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Wooden Garden Furniture – Its All About The Style.

In CategoryTim Whitcombe
ByGardenAdvice Tim Whitcombe

If you you have an ongoing garden project or have just finish having a garden built or finished developing one yourself. Then  your thoughts will be turning to a long hot summer maybe, if we are lucky in which case its time to start thinking about garden furniture. A number of styles of wooden garden furniture are available on the market available from garden centres to DIY shops at a range of prices.
Good wooden garden furniture can add a touch of style to your garden especially if its well made furniture with a good quality softwood or a hardwood such as Oak or teak. A good supplier is also key as they can provide good advice  on which furniture to select and how to care for it to get the best use out of your wooden garden furniture. Then choosing garden Wooden garden furniture a good indicator to look for is the joints in the chairs and tables, the better the joint the better the furniture and the longer it will last. If its a hardwood its also a good idea to treat it with a teak oil of similar to replace all the natural oils the garden furniture looses throughout the extremes of the winter and the summer.

Home Conservatories A Great Place For Plants.

In CategoryTim Whitcombe
ByGardenAdvice Tim Whitcombe

The first home based conservatories were based on the victorian lean to glasshouse attached to a house or shed. Created from simple horticultural glass these first conservatories provided additional space for outdoor living by extending the spring and autumn seasons. In early spring when the sun becomes stronger but its still too cold to sit outside and in the later autumn as the outside temperature drops in the evening early conservatories provided a place to sit and chat with friends and family over a cup of tea.

These first conservatories were suited to growing such plants as aspidistra and ferns which could survive over the winter with the heat from the house walls. Today however with advances in glass technologies and roof blinds conservatories have now become a place both you and your plants can live all year around in comfort especially with some heating.  If you are considering installing a conservatory its best to get some expert advice such as  a specialist selling and installing conservatories Preston, Lanchashire we came across resently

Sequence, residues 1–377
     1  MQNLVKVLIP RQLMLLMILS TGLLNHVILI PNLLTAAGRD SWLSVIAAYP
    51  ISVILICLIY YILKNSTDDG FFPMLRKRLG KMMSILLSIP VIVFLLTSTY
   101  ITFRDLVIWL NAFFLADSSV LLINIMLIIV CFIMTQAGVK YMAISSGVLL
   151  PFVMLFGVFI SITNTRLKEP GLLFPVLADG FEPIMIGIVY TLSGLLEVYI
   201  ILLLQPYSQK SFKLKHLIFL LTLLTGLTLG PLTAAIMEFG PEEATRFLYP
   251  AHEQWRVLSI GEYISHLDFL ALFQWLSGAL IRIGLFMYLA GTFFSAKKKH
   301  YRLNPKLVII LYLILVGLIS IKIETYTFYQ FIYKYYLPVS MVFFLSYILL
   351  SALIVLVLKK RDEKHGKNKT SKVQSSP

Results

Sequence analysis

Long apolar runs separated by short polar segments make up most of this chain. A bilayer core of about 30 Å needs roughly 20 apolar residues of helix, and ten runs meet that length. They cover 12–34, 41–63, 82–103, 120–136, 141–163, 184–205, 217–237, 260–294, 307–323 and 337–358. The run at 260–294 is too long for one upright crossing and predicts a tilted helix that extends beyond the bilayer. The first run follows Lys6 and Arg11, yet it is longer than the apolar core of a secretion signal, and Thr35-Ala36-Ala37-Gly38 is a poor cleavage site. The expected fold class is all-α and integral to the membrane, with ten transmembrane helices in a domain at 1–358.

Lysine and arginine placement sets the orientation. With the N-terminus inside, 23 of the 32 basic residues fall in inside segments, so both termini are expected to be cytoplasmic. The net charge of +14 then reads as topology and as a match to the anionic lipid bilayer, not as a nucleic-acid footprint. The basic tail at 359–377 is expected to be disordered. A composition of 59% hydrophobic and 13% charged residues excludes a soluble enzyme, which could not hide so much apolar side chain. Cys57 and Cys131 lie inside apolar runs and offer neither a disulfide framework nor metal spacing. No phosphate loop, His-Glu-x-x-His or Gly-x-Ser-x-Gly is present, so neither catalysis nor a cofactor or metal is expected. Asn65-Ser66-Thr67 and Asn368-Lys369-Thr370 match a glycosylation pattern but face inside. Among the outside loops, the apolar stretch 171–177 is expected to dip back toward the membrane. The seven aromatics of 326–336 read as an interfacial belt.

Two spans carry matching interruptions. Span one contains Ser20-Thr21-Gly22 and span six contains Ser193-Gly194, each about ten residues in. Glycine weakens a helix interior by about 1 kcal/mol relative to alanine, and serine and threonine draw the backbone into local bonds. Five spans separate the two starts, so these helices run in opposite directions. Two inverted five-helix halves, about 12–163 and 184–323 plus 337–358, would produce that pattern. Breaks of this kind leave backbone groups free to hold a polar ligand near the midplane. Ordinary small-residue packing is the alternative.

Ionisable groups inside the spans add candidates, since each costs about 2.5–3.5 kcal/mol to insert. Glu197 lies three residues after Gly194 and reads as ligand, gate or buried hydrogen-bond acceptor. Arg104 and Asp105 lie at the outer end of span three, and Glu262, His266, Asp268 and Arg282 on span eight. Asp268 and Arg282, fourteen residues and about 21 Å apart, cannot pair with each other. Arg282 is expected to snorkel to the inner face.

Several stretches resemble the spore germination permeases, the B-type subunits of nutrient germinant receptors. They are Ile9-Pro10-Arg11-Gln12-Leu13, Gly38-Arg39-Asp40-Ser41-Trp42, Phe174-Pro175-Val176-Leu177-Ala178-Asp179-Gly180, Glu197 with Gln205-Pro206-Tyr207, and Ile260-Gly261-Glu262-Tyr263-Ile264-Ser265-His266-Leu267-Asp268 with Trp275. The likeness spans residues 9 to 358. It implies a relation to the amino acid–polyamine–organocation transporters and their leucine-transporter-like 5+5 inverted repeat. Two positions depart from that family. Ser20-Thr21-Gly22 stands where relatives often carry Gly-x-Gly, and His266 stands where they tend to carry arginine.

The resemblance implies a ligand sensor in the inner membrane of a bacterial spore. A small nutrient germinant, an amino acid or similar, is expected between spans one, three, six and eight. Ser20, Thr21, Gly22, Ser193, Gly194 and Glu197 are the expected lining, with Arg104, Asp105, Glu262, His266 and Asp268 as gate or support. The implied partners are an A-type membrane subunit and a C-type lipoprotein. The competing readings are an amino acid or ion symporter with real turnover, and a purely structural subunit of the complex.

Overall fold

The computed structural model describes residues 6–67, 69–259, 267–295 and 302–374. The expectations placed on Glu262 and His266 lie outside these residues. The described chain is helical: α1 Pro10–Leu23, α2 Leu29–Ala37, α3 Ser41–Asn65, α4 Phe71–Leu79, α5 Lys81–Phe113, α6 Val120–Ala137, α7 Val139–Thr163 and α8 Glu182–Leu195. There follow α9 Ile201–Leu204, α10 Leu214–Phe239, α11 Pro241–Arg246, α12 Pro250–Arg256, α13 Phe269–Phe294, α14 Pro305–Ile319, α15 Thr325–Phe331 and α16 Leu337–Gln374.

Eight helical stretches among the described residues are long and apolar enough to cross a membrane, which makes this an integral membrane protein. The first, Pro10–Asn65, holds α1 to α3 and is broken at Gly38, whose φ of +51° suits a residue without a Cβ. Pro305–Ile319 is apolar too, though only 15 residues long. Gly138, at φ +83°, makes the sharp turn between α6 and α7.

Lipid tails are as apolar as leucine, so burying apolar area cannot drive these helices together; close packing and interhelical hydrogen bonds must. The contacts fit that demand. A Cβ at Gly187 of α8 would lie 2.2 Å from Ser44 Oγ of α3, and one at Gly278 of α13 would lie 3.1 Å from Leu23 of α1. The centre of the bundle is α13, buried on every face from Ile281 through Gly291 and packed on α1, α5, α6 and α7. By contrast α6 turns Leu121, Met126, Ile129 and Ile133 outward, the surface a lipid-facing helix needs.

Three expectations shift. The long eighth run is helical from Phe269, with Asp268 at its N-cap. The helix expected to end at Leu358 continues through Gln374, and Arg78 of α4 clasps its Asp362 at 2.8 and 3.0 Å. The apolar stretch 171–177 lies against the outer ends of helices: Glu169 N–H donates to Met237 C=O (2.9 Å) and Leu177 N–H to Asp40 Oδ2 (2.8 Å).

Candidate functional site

With regards to plants modern conservatories open up a range of possible plants that you can grow from a few indoor oranges and lemons to your own mini tropical forest.This is a list of just a few of the plants that can be grown in your conservatory

Aeonium ‘Zwartkop’  Succulent with very dark purple-black leaves. Pinch out to encourage branching. Needs good light. Pot into Cactus compost and feed 2-3 times in growing season. Keep drier in winter. 60 cms (2 feet)

Aloe brevifolia  Attractive succulent forming geometric mounds of tight rosettes of short softly spined leaves. Grow in loam based compost with added grit and keep on dry side in winter. Minimum 0 – 3° C.

Asparagus scandens  A dainty twining climber from South Africa with soft green ferny foliage, ideal for climbing up a trelllis, but is equally effective as a trailing plant in an ornamental pot. Unlike some other

Cyperus albostriatus  (Cyperus diffusus.) A low-growing relative of the Papyrus, this makes good groundcover for the edges of a pond in mild gardens, if allowed the space to spread. Otherwise makes a nice container plant v

Jasminum azoricum  Tender, evergreen Jasmine with sweetly scented white flowers March-Dec. Needs support. Grow in a loam based compost in good light but protected from hot sun. 4 metres (12 feet) plus. Minimum 0 – 3°

Justicia carnea – purple leaved form  Tender shrub of open habit with dark green leaves with a purple reverse and spectacular, large plumes of bright pink tubular flowers from mid summer to autumn. Cut back in spring to promote bushy